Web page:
Quick way to mount a tach in your 70-72 Buick GS/Skylark

Here is a (trashed) dash showing the blanking plate on the cars that had no clock or tach. These are very common and usually thrown away. However, they make a very good mounting system for the VDO style of tach. I will show you how I did it here...in my case it is temporary while I get the factory tach repaired, but certainly makes an inexpensive option if you need a tach (75.00 at JEGS).


Here is the blanking plate removed showing the mounting points. Nice of them to give you a crosshair for the drill bit!


Using a holesaw, remove the center part of the blanking plate. Don't worry about being perfectly centered, but be careful not to hurt the face surface that will remain visible under the lens. Once you have cut it out, file away the remaining edges until the tach fits through. No need to be fussy.


Here is the VDO tach I used. The ring mounting system is perfect for what I am doing here, and the white basic numbers on a black background **more or less** blend in with the stock style stuff. This one is 333-155, 3 3/8" diameter. They are inexpensive and work well.


Here is a shot from the top showing the tach mounted with the ring butting up against the back edge of the blanking plate.


Ok so if you aren't fussy you can stop here, you have probably spent 15 minutes on this already. Some clear plate plastic cut to fit over this will look good as the tach sits flush with the face of the blanking plate. The stock plastic cover is recessed in the middle so will not fit on here, if you wish to use the stock style lens, read on.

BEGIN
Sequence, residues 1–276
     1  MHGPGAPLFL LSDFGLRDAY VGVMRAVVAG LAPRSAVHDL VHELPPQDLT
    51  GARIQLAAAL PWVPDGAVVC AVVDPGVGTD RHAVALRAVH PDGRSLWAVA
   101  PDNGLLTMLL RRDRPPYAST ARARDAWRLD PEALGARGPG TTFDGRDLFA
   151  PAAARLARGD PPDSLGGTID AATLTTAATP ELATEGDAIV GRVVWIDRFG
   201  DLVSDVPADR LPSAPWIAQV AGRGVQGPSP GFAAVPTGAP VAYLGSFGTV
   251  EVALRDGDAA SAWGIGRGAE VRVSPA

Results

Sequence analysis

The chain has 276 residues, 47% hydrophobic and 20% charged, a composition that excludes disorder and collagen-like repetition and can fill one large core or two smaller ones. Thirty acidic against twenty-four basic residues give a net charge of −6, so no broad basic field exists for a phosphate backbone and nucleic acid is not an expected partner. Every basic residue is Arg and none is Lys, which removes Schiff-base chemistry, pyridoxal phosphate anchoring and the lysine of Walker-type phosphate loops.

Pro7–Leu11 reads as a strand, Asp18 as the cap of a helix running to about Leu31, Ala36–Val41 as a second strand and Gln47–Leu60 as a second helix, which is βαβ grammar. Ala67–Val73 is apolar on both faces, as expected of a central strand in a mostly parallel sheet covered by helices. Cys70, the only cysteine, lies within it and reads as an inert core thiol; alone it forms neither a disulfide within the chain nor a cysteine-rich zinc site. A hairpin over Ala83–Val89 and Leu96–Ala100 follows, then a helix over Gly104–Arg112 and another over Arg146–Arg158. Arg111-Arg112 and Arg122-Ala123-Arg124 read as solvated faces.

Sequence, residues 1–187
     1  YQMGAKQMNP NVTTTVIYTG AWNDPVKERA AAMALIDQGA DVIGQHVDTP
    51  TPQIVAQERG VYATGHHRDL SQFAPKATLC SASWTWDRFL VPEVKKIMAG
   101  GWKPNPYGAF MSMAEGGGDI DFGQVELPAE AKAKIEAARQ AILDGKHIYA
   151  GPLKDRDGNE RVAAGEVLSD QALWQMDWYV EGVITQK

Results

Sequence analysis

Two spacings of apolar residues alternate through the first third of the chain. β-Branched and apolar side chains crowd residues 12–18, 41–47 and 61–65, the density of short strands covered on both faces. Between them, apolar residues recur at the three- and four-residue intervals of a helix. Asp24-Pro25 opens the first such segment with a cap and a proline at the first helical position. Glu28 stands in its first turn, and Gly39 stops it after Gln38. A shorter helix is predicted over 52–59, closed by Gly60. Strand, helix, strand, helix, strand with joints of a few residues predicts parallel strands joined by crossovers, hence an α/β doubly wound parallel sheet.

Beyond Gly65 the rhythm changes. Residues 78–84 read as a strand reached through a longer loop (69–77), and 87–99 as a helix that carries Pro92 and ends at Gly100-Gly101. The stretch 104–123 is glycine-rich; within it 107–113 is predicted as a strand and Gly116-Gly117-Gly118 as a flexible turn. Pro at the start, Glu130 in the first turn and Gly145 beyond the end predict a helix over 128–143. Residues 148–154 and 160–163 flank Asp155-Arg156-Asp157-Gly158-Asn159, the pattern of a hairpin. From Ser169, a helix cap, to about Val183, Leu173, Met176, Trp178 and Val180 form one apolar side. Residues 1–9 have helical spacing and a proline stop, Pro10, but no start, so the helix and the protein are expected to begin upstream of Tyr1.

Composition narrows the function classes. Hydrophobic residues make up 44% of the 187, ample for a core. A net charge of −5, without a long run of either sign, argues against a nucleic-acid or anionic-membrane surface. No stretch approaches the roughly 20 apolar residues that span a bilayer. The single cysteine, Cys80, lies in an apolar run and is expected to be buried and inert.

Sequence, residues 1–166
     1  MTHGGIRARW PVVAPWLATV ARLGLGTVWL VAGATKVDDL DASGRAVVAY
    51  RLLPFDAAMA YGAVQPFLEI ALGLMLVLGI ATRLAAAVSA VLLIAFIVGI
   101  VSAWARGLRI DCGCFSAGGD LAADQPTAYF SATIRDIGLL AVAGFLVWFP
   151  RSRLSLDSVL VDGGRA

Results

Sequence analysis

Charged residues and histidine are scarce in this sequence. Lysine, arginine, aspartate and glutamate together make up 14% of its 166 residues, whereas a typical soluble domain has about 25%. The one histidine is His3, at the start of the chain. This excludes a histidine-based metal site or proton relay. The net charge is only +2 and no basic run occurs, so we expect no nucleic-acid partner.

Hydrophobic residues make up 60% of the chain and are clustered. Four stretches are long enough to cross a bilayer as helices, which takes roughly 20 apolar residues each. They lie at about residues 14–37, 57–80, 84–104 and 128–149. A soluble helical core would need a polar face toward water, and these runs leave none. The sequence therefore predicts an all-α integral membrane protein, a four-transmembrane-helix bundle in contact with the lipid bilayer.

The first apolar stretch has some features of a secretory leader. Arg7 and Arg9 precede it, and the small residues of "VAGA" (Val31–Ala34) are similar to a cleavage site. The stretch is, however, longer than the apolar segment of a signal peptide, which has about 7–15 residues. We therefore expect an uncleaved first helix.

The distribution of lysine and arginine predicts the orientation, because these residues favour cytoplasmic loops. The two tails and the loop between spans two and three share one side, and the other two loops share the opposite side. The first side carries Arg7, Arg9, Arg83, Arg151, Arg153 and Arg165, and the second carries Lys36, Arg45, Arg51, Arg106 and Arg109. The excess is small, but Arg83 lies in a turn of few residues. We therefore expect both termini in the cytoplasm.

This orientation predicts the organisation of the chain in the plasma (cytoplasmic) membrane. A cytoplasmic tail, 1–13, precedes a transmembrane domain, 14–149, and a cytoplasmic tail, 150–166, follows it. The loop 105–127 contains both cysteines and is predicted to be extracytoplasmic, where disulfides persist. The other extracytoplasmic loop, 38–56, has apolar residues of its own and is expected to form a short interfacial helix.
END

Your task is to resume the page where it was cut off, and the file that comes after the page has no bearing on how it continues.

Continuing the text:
To get the stock lens to fit, the tach needs to be recessed into the blanking plate. I did this by screwing the plateto a piece of wood, then using a die grinder and carefully open the TOP INNER PART of the blanking plate. Don't need much, maybe 1/16" all around where it starts to slope inward. This allows the tach to sit down inside the opening somewhat. This is the first pass, notice how rough it is. Just try to make it even heightwise all around the opening. After this pic was taken, it was cleaned up a bit to even it out.



Notice how the tach now sits about 1/8" deeper. This allows the factory lens to snap into place, right over the tach glass and bezel.


And with stock lens snapped into place. Ready for mounting.


Installed in the car. Beside the factory gauges it looks kinda small. If a guy rally wanted to get crazy, you could pry the retaining bezel off the tach, put some silver foil on the need center to mimic the factory stuff, and move the numbers from the inside to the outside of the face. Regardless it looks reasonable. Lighting is almost a dead match to factory, the tach is damped and very easy to read. They also make (electric) speedometers and other gauges, so these blanking plates could be used to make a whole dash if you wish.


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